INTERLEAVE IN PARENT

Warning:

INTERLEAVE IN PARENT is disabled by default, and will be permanently removed from CockroachDB in a future release. We do not recommend interleaving tables or indexes in new clusters.

For details, see below.

How interleaved tables work

When tables are interleaved, data written to one table (known as the child) is inserted directly into another (known as the parent) in the key-value store. This is accomplished by matching the child table's Primary Key to the parent's.

Interleave prefix

For interleaved tables to have Primary Keys that can be matched, the child table must use the parent table's entire Primary Key as a prefix of its own Primary Key––these matching columns are referred to as the interleave prefix. It's easiest to think of these columns as representing the same data, which is usually implemented with Foreign Keys.

Tip:
To formally enforce the relationship between each table's interleave prefix columns, we recommend using Foreign Key constraints.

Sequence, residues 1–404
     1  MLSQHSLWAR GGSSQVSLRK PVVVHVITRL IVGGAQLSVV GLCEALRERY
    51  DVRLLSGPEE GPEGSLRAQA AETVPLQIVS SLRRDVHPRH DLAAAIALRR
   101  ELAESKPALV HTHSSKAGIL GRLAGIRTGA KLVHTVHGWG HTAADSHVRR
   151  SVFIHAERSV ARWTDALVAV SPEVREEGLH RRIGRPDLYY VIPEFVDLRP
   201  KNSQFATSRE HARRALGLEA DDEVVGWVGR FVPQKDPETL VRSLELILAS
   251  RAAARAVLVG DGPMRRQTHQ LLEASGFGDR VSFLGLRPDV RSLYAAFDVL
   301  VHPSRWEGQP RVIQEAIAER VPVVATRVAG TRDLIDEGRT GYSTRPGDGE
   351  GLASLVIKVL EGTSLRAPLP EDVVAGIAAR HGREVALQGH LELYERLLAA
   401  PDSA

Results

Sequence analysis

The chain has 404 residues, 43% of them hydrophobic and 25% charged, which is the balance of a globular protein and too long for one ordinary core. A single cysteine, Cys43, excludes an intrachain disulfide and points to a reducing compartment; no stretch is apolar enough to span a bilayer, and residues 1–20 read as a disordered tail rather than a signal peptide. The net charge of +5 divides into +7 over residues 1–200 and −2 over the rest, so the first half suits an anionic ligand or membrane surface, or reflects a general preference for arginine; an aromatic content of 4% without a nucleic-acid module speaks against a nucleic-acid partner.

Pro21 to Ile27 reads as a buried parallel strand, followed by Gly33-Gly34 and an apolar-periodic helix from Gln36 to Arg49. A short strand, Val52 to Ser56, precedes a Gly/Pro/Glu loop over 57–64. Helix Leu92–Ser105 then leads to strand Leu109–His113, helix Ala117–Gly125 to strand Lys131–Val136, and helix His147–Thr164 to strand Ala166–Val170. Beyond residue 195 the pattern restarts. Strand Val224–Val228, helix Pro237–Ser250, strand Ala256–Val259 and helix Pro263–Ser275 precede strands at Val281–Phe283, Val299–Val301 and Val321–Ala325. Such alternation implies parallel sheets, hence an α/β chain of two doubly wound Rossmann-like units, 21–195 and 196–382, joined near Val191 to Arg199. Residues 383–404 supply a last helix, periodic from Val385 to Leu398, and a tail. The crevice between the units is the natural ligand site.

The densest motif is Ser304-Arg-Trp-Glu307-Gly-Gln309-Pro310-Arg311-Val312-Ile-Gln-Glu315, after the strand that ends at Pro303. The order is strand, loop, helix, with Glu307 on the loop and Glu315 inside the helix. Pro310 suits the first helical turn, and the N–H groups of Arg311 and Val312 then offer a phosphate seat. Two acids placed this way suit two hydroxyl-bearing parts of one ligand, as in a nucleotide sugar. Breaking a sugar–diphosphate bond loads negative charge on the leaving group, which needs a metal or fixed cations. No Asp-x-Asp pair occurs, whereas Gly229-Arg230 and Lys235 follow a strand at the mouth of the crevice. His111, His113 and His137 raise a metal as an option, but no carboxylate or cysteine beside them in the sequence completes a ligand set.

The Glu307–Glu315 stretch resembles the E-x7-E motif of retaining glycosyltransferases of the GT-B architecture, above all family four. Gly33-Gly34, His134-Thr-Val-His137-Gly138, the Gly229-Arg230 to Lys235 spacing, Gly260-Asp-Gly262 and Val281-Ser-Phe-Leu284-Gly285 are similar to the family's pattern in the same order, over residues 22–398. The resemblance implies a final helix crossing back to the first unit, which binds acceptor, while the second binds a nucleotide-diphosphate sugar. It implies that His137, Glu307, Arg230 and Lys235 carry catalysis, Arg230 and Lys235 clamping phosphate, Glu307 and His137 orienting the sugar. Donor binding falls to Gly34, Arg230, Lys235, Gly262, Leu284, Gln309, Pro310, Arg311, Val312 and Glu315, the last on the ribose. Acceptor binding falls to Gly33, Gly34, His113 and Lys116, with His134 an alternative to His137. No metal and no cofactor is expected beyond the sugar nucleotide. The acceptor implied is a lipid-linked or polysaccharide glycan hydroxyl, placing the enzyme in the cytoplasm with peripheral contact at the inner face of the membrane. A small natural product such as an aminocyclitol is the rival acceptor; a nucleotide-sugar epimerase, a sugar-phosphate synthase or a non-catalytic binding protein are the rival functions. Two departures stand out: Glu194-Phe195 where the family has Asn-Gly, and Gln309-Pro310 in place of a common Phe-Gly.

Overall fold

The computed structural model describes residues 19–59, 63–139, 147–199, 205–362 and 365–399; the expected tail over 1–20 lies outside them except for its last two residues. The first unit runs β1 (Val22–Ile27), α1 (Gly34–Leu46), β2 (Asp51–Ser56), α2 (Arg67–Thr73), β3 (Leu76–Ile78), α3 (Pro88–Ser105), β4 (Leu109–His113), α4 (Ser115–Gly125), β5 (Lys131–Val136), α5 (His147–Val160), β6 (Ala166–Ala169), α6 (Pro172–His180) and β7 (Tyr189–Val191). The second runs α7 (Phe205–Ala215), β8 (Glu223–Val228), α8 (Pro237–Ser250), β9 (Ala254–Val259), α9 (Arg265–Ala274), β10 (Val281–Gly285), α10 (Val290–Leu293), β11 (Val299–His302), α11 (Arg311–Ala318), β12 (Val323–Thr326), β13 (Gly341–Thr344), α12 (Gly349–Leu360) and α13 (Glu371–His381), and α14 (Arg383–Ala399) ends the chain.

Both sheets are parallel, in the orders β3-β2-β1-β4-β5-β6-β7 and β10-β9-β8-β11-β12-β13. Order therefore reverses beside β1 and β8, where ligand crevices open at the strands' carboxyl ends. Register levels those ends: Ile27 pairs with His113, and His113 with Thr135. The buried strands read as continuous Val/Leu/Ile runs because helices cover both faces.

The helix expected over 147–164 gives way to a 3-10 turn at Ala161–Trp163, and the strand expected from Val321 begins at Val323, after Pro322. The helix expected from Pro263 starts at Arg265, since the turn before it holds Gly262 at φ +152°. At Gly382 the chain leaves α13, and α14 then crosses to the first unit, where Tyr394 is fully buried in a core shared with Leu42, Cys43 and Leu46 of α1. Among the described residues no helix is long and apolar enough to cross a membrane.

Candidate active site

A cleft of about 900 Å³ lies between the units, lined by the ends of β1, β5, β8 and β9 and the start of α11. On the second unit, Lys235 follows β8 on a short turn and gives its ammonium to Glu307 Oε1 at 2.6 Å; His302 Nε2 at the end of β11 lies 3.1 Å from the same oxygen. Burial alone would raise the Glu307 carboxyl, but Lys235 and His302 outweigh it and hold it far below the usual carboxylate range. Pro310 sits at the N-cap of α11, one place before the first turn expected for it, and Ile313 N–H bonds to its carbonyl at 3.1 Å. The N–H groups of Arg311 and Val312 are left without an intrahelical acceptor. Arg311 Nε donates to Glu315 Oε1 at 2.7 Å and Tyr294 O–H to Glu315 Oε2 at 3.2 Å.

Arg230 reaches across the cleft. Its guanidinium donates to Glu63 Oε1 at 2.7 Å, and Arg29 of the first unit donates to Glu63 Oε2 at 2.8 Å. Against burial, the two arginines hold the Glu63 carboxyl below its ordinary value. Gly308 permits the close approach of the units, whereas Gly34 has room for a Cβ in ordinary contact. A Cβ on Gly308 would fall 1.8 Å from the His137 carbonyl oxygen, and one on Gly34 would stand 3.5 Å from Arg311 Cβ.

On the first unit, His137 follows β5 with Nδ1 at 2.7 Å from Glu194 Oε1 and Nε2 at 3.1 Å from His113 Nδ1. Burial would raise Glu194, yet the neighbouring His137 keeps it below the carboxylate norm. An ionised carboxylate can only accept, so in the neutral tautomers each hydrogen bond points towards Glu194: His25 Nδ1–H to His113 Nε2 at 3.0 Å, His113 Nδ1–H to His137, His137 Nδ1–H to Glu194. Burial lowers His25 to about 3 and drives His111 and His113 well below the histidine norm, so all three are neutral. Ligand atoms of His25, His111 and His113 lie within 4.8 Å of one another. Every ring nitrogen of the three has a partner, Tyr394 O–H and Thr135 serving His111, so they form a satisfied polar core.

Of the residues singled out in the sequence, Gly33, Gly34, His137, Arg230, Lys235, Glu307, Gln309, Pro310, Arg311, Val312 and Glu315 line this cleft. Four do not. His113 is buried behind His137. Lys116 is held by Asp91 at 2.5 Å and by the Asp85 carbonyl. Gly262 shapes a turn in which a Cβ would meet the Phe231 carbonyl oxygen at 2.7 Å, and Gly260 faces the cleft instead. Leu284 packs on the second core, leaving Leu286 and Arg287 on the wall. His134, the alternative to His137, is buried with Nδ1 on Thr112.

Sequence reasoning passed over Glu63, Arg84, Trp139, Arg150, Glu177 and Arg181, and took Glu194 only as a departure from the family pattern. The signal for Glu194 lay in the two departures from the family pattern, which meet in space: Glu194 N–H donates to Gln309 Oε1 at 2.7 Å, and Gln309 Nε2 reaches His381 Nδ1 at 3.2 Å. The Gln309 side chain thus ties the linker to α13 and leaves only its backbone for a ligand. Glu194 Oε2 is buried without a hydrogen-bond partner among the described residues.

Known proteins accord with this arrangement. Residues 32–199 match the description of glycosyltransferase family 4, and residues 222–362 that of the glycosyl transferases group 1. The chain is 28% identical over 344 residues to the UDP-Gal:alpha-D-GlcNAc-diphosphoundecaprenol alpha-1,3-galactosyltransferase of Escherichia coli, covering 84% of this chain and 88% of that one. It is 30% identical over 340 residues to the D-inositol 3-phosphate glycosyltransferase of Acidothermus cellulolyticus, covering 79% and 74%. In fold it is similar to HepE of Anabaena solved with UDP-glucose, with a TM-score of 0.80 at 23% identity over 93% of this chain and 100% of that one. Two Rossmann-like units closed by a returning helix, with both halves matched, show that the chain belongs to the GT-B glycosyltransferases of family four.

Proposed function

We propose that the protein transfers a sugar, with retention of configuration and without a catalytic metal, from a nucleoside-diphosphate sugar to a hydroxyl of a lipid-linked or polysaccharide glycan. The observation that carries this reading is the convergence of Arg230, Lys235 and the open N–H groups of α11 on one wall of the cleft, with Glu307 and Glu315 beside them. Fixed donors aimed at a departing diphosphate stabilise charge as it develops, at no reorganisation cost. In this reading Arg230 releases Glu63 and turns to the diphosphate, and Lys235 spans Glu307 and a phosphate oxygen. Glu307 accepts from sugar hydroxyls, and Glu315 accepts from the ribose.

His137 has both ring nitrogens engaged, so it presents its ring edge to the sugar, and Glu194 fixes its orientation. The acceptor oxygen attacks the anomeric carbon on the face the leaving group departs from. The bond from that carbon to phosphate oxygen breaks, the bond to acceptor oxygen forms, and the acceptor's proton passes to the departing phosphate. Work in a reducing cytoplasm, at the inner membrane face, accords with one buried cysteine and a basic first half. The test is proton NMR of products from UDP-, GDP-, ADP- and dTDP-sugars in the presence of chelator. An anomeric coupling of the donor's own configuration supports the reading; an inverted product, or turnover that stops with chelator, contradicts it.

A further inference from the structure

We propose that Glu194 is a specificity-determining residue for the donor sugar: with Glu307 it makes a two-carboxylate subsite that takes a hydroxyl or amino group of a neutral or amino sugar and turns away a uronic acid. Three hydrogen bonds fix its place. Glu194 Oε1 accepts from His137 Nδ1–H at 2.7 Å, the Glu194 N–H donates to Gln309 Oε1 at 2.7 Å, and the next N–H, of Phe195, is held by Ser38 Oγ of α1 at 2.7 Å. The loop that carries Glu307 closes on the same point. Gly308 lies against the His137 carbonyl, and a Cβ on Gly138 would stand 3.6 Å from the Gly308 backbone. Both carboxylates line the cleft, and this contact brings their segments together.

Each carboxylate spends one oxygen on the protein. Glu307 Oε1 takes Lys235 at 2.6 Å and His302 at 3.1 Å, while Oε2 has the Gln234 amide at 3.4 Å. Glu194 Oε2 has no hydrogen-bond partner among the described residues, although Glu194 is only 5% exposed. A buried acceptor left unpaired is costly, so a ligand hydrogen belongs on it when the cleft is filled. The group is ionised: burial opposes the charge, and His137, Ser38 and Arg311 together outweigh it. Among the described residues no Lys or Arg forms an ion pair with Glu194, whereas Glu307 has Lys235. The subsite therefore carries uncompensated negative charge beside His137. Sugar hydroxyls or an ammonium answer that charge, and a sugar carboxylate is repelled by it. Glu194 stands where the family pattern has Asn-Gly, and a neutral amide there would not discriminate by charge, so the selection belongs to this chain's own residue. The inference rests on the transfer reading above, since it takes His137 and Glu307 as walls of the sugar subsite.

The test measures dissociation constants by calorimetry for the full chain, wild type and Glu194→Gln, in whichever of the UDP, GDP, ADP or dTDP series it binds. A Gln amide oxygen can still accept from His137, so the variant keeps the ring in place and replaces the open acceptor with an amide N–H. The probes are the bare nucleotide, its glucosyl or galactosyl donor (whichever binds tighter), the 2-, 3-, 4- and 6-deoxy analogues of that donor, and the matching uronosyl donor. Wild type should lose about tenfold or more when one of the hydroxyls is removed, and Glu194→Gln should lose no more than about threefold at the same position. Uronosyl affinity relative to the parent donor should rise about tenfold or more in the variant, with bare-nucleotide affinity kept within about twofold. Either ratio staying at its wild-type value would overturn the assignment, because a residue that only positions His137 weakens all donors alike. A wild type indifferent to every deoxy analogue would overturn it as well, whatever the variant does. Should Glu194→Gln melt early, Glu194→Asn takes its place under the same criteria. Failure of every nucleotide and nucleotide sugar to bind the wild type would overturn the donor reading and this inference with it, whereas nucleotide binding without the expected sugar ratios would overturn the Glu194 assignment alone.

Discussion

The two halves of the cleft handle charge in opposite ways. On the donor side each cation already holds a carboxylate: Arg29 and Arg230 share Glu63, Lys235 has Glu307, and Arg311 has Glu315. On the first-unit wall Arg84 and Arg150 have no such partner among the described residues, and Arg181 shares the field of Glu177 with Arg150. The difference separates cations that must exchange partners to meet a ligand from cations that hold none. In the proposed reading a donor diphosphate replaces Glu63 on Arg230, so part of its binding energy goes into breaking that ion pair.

For example, if you want to interleave orders into customers and the Primary Key of customers is id, you need to create a column representing customers.id as the first column in the Primary Key of orders—e.g., with a column called customer. So the data representing customers.id is the interleave prefix, which exists in the orders table as the customer column.

Key-value structure

When you write data into the child table, it is inserted into the key-value store immediately after the parent table's key matching the interleave prefix.

For example, if you interleave orders into customers, the orders data is written directly within the customers table in the key-value store. The following is a crude, illustrative example of what the keys would look like in this structure:

/customers/1
/customers/1/orders/1000
/customers/1/orders/1002
/customers/2
/customers/2/orders/1001
/customers/2/orders/1003
...
/customers/n/
/customers/n/orders/<order belonging to n>

By writing data in this way, related data is more likely to remain on the same key-value range, which can make it much faster to read from and write to. Using the above example, all of customer 1's data is going to be written to the same range, including its representation in both the customers and orders tables.

Interleaved hierarchy

Interleaved tables typically work best when the tables form a hierarchy. For example, you could interleave the table orders (as the child) into the table customers (as the parent, which represents the people who placed the orders). You can extend this example by also interleaving the tables invoices (as a child) and packages (as a child) into orders (as the parent).

The entire set of these relationships is referred to as the interleaved hierarchy, which contains all of the tables related through interleave prefixes.

Syntax